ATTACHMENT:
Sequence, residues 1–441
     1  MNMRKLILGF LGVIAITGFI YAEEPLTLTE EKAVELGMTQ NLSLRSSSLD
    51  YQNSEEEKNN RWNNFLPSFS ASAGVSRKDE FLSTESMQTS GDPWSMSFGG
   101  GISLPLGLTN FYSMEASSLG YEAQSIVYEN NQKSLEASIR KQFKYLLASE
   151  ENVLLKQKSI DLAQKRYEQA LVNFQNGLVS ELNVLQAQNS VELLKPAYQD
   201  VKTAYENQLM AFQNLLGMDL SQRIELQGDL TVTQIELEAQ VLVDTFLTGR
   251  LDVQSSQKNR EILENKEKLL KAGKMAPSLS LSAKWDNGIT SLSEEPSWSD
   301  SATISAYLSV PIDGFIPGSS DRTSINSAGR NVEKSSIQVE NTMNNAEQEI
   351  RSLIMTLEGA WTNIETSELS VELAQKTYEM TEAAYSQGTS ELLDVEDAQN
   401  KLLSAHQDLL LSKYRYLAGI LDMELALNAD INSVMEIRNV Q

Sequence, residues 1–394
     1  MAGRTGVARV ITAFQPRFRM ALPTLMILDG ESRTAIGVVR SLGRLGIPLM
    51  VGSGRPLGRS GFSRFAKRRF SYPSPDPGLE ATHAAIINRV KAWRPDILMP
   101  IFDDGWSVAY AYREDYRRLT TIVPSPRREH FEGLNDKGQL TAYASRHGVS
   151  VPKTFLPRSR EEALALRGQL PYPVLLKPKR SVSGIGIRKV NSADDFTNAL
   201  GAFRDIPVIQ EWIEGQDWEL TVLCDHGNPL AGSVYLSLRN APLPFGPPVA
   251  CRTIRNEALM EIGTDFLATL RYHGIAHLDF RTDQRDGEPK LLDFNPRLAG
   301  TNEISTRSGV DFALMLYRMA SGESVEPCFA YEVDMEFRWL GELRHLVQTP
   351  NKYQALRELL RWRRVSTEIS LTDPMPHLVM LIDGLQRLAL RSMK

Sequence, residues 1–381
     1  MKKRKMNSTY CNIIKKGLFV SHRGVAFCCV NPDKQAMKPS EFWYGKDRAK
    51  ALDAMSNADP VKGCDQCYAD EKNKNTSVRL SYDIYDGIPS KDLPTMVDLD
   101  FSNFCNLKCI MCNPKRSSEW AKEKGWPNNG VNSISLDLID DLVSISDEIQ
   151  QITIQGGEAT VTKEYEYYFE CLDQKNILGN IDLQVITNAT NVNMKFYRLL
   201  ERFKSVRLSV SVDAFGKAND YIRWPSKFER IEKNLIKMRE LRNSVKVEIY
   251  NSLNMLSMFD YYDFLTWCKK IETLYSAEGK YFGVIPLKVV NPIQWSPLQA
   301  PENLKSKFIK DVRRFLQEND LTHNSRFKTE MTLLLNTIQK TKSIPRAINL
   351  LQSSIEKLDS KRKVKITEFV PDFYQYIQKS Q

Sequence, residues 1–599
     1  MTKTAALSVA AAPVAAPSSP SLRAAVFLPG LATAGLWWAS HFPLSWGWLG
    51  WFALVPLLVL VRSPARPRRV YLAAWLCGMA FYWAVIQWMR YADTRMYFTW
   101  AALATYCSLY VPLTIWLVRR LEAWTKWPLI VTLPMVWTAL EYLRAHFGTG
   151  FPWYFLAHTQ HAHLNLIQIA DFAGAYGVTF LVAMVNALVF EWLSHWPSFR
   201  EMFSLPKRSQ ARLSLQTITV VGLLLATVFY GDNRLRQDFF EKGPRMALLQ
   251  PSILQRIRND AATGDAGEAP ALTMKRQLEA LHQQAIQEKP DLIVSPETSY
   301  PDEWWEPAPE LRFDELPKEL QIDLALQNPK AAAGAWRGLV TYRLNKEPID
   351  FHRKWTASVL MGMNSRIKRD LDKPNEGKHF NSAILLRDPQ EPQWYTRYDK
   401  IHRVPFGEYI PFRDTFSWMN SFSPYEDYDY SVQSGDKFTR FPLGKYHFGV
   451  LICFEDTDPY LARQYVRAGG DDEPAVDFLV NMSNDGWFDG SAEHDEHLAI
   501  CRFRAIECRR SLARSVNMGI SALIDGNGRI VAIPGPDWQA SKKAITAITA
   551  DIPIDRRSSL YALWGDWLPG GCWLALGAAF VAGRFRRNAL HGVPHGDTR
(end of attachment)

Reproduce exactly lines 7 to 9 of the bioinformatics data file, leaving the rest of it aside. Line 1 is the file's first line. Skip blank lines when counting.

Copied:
   251  LDVQSSQKNR EILENKEKLL KAGKMAPSLS LSAKWDNGIT SLSEEPSWSD
   301  SATISAYLSV PIDGFIPGSS DRTSINSAGR NVEKSSIQVE NTMNNAEQEI
   351  RSLIMTLEGA WTNIETSELS VELAQKTYEM TEAAYSQGTS ELLDVEDAQN